RICHMOND, VA (WWBT) - There's no denying the cold has set in. It is important to wear gloves, hats and warm coats with temperatures in the twenties or below. The reality is, not everyone has warm clothing - or even a warm place to stay - during these winter months.
"We've had a lot of late snows in the last few years. My goal is to make sure we have enough to go out for those who do need them," said Jenny Lane.
Lane is leading Operation Warmth on a mission to keep people warm by crocheting scarves. She's asking the community to join her efforts through knitting or crocheting items to be left through the City of Richmond and beyond.
"We intend to tie this to fences, street poles," explained Lane."Places where people are going to stand on a corner if they're homeless, and they're going to see it and they're going to know it's something they can have."
Each item will have a tag that reads: "I am not lost! If you're stuck out in the cold, take this scarf to keep warm."
Lane says the idea was born out of a thought at 2 a.m. to pay forward kindness. She's seen the effort done in other states and wanted to do the same in the Greater Richmond area. Lane says she's been through tough times, giving her compassion and empathy for those who may not have shelter.
"I've been where a lot of these people are. I was lucky enough that people were kind to me," said Lane.
In the City of Richmond and Petersburg, there are cold weather shelters open. The City of Richmond is opening the doors of a cold weather shelter from 7 p.m. to 10 a.m. on Dec. 28:
The City of Petersburg has teamed up with the Red Cross to open a temporary warming center at the Petersburg Transit Station on West Washington Street.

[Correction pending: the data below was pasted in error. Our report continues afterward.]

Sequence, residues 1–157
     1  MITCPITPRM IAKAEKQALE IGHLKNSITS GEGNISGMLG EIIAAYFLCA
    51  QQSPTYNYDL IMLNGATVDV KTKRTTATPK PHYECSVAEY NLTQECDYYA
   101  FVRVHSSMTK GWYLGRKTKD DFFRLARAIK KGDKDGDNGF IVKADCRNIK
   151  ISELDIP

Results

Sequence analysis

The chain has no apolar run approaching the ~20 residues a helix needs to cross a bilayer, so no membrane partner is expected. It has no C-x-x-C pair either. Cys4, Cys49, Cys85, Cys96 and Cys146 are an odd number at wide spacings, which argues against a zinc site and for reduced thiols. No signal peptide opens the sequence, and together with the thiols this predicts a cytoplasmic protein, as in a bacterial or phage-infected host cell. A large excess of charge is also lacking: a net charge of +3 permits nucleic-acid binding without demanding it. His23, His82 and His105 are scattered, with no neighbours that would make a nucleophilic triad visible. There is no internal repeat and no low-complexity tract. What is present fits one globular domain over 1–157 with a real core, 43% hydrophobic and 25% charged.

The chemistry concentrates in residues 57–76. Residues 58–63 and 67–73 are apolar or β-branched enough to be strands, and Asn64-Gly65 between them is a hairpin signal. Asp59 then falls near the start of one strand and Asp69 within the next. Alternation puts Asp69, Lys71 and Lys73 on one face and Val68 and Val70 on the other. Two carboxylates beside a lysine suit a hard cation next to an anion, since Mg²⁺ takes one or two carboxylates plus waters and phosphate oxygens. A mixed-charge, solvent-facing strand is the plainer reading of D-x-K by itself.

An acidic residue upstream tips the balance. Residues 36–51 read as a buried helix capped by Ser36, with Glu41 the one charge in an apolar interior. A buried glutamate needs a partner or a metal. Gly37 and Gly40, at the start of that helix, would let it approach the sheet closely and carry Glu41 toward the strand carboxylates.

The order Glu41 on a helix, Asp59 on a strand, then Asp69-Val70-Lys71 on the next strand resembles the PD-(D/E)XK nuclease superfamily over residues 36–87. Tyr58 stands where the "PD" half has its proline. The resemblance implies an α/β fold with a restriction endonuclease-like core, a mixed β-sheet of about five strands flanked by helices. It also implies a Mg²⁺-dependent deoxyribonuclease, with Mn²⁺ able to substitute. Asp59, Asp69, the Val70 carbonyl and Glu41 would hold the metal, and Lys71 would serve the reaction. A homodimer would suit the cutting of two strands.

The warming center will be open from 3 p.m on Dec. 28 and will remain open until temperatures reach above 30 degrees.
Chesterfield County does not have an official cold weather shelter, but they encourage those looking for a warm place to stay to use the public library during open hours. They also offer a Homeless Point of Entry, you can contact them by phone: 804-648-4177.
"With it being 19 during the day today, that's a big concern now too. We're not just dealing with it after dark. Imagine how cold it's going to be tonight, if it's only 19 now," said Lane.
The temperatures continuing to drop pushes Lane to keep the effort going, reaching out on social media to anyone she can.
On Wednesday, Jan. 3, Operation Warmth is teaming up with The Broken Tulip in Carytown as a part of their weekly stitch night. The Operation Warmth stitch night will be dedicated to collecting any completed scarves or warm weather items, as well as yarn to make more.
"It's a busy time for a lot of people, but its also a time to reflect, with it being the beginning of the year, on people that don't have what you may have," Lane explained.
She's hoping to continue the effort and collect as many items as possible through March. She also plans to have more meet-ups in other counties, to collect items.
"It's love, it's compassion," said Lane.
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